Slicing pork off the economic debate
A man named Bole, born during the Qin Dynasty, was reported to have possessed a genius for picking out the best horses. One day Duke Ma summoned the aging man and asked him to name an apprentice to replace him after his death. Bole introduced a man called Gao Jiufang, who was asked to find the perfect horse to prove his worth.
Three months later, Gao returned with a horse. When the duke asked what kind of horse it was, Gao answered it was a yellow mare. But as the duke set eyes on the horse, he quickly went into a rage because the horse Gao had led to court was in fact a black stallion. The duke scolded Bole for recommending a man who could not differentiate neither the color nor sex of a horse.
But the wise old Bole simply smiled and exclaimed his appreciation for his apprentice’s abilities. “Even I wasn’t aware of this man’s great skill. His talent exceeds my own.”
Bole went on to explain that a true judge of horses doesn’t care about the appearance of the coat or skin, but sees only the nature and capacity of the animal.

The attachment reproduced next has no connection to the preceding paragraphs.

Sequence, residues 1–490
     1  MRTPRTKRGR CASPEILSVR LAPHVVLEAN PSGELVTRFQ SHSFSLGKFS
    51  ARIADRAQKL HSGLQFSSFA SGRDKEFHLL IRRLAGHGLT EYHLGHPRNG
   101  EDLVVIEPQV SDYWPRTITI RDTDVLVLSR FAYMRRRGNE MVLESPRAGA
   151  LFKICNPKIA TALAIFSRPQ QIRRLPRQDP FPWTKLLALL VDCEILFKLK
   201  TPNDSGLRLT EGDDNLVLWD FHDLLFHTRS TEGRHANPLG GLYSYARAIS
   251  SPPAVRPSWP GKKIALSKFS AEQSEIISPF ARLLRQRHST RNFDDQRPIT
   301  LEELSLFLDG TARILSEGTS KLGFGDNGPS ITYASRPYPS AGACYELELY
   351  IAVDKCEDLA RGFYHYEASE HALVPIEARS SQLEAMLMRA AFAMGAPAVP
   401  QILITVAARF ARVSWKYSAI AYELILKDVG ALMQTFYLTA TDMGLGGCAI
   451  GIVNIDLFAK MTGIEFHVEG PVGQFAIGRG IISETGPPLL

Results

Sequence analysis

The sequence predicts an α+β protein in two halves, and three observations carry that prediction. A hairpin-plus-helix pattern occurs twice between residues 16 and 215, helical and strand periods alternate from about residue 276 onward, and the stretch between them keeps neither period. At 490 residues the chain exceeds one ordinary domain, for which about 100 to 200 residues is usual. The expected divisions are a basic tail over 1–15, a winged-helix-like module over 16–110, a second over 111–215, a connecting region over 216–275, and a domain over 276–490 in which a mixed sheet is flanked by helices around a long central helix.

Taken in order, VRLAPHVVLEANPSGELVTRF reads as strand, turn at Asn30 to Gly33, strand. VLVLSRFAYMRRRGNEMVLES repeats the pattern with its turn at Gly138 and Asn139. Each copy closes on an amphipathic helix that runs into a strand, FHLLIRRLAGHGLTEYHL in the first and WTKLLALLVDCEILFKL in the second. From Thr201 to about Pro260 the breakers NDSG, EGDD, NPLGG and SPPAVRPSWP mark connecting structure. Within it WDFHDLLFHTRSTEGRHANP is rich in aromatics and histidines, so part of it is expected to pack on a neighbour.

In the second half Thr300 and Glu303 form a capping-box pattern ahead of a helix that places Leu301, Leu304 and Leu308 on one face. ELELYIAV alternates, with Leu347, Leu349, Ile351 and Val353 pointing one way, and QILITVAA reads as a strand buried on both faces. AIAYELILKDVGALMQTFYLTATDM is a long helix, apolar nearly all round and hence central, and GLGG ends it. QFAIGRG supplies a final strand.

“Under the coarse coat of the horse lies the essence. Gao sees what he sees and forgets what he does not see.” Indeed, the horse that Gao had brought to the duke proved to be the best on earth.
The tale is a parable from a Taoist text called “Liezi,” written by the philosopher Lie Yukou, that warns against a preoccupation with appearances as it can hide what’s underneath, which might well be the essence or the truth.
Pork has once again set the finance minister’s teeth on edge at a recent National Assembly subcommittee meeting.
Finance Minister Yoon Jeung-hyun was bawled out by lawmakers because he did not know how much samgyeopsal (pork belly strips) cost these days, a similar situation his predecessor Kang Man-soo found himself in when he was asked the price of the popular pork cut.
Not knowing meat prices should not mean a minister is incompetent and unqualified. A finance minister is supposed to be an expert on the Korean economy, not a butcher.
Really, lawmakers should raise the standard of their questioning. They should not smirk just because they ask a question that a minister cannot answer correctly.
What they should do is conjure up serious questions that will force government officials to go study the essence of the problems facing our economy.
The writer is an editorial writer for the JoongAng Ilbo.
By Yoo Kwang-jong [firstname.lastname@example.org]